#gamedev Lead Quick Start Guide Congratulations! You’re a lead. Now what? In general, whatever skills you’ve demonstrated that got you to this point aren’t the same things you’ll be doing from here on out (or at least not as much.) Not everyone is suited to a lead role or would be happy in one. Trust I believe you have every chance to excel as a lead; Otherwise, you wouldn’t be one. What follows is a entry-level description of my expectations for a #gamedev lead. I expect you to read this. Do not skim. Is there anything here that you don’t feel is completely clear? Congratulations! There is no one thing that has more of an impact on the quality of the game, the cost of development, the engagement and happiness of the gamedevs and the future of the studio than leadership. I expect your process to reflect you. I asked some gamedevs recently to list the most common reasons why gamedev sucks: All of these problems are leadership problems. You must be wary of any process that purports to address these issues.
How to Focus | strategic learning The Ten Most Annoying Management Terms Of 2011 We are nearly at the end of 2011 and another year of mayhem behind. We will be judging our 2011 Non-Predictions and trying to dream up some new ones for 2012 in the next fortnight or so but this week we have been able to get some long needed admin done. With it came a realisation that even if the financial industry is suffering the creative management community has been in full swing dreaming up new terms and phrases to camouflage the blindingly obvious. The evolution of ‘management speak’ means some phrases die and some survive and flourish. TMM really don't know what determines the success of one term or phrase over another other than, as with the arts, adoption and patronage by the most respected in the field. TMM hope that this year’s rash of newcomers all die off naturally but we would like to help with a shove into their deserved obscurity. So here are TMM's top ten annoying phrases of 2011 (even if some are older) that we would like to see the back of. Happy New Year
10 Things Employers & Recruiters Want from You Every job hunter has the same question: What do employers look for, and how can I best show I’ve got “it?” A few days ago, I attended a panel discussion for career coaches led by three of the leading recruiters in Greater Boston. Each recruiter had the assignment of explaining their view of today’s hiring environment, what employers are looking for, and then to give a few tips for candidates. The recruiters deal with different specialties, including: Human Resources, Medical Devices, Information Technologies (IT), and Marketing. Nonetheless they agreed on one thing: Five years ago, if an employer listed a job with 8-10 bullet points of “requirements,” a candidate might have been hired if he/she only had 3-4 of them. It comes as no surprise they all report both recruiters and companies are being inundated by resumes, as more people are chasing fewer and fewer jobs. What Employers Want To Hear: Things Recruiters Want To Hear: I offer an initial free consultation to any job hunter.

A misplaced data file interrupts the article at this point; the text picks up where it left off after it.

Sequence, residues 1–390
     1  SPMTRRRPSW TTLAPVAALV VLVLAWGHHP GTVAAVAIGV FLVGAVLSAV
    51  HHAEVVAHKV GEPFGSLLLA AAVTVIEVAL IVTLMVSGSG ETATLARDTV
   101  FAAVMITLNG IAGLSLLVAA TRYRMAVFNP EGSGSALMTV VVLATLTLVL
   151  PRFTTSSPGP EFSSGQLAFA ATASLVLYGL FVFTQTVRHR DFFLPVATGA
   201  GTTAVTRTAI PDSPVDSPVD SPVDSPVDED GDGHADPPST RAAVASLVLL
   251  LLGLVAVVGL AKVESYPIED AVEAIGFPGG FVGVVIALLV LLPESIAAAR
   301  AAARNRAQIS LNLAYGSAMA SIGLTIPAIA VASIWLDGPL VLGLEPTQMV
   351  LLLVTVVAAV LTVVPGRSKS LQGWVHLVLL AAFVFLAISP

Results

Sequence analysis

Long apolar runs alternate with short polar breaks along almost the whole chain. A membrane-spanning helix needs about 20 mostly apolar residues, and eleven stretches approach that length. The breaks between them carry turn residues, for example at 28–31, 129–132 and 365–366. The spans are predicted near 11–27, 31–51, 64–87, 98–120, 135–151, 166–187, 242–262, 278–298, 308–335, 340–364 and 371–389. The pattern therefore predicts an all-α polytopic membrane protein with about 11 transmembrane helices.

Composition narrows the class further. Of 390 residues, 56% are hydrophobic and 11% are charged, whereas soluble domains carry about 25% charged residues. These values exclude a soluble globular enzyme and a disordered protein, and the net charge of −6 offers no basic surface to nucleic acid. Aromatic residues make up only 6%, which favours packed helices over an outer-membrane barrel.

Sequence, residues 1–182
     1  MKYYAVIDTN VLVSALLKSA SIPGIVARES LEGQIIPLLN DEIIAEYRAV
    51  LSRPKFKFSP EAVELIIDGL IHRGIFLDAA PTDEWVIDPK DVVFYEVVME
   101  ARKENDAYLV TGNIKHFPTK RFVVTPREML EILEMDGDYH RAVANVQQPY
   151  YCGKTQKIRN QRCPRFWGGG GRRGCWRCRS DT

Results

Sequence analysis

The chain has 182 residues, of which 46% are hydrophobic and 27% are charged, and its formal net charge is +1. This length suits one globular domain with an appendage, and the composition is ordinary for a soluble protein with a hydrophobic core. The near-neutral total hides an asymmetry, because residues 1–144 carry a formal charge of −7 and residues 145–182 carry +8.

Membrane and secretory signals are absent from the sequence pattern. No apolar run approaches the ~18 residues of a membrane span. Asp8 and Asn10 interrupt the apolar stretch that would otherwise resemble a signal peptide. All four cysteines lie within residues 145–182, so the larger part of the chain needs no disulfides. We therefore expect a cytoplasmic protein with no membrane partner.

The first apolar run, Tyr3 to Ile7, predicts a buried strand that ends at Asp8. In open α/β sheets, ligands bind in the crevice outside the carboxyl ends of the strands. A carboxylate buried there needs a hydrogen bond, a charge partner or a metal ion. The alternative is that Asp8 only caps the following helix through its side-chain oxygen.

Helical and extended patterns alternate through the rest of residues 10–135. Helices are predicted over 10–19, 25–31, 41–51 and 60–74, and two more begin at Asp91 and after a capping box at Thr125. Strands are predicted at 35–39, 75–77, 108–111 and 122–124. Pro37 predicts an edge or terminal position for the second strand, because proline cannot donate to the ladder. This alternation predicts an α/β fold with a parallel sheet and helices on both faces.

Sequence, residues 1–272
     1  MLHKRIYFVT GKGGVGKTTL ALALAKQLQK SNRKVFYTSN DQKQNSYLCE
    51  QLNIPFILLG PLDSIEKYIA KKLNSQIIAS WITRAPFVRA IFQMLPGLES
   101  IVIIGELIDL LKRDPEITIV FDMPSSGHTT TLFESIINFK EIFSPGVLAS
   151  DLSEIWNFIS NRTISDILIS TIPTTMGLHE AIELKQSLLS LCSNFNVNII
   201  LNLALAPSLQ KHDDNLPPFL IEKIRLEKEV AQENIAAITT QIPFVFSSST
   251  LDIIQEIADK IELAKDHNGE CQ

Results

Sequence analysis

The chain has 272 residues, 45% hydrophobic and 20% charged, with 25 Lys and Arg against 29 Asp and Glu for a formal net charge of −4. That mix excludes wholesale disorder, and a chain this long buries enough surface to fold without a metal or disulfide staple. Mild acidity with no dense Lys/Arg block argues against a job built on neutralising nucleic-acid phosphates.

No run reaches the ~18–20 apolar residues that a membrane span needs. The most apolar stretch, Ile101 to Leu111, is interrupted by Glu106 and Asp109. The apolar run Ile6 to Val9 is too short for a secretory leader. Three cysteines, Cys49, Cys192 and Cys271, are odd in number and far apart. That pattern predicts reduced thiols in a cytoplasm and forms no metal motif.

Scelgo l’America, parola di Paolo Privitera | Next: il magazine sul futuro Pubblicato da Federico Guerrini in Interviste Dall’Italia, all’America e ritorno. La storia di Paolo Privitera, partito dalla provincia di Venezia per cercare fortuna prima nella Grande Mela e poi a Los Angeles e San Francisco, è una storia di caparbietà, capacità di adattarsi, gusto per l’avventura. Una storia che potrebbe servire d’esempio per tanti che stanno pensando di mollare gli ormeggi perché non si sentono valorizzati nel proprio contesto socio-lavorativo. Oggi Paolo coordina l’ideazione e lo sviluppo di una serie di start-up che offrono servizi su Internet, l’ultima delle quali si chiama Doochoo, ed è un progetto piuttosto ambizioso di aggregazione delle opinioni degli internauti, che si articola in una serie di spin-off. Perché te ne sei andato dall’Italia, nove anni fa, per andare in America? Avevi qualche contatto in loco? Però non sei rimasto a New York… Dopo tre mesi sarei dovuto tornare in Italia, ma mi son detto: no, ho assaggiato l’antipasto, adesso voglio il resto.
Tuning People, Processes, and Projects to Power Results » Blog Archive » Managing in Mayberry: An examination of three distinct leadership styles ©2001, 2010 Don Gray and Dan Starr Near the Blue Ridge Mountains in North Carolina, not far from where you think it should be, there really is a town called Mayberry. Although the main highway bypassed the town years ago, the namesake for the popular 1960s television series is still a bustling community, and a fair amount of traffic enters Mayberry’s downtown from the north on the US Highway 52 business spur every morning. In town for a week of consulting work, we were able to observe the recent road construction along that route and watched a trio of local citizens demonstrate their own unique management styles. When road work just north of town closed Business 52, all the traffic entering town from the north had to take the 52 bypass around to the west side of town and enter the downtown on Key Street. Figure 1 Three Approaches to Managing Being a take-charge guy, the officer on duty (we’ll call him Barney) arrived at the scene Monday and quickly sized up the situation. Micromanagement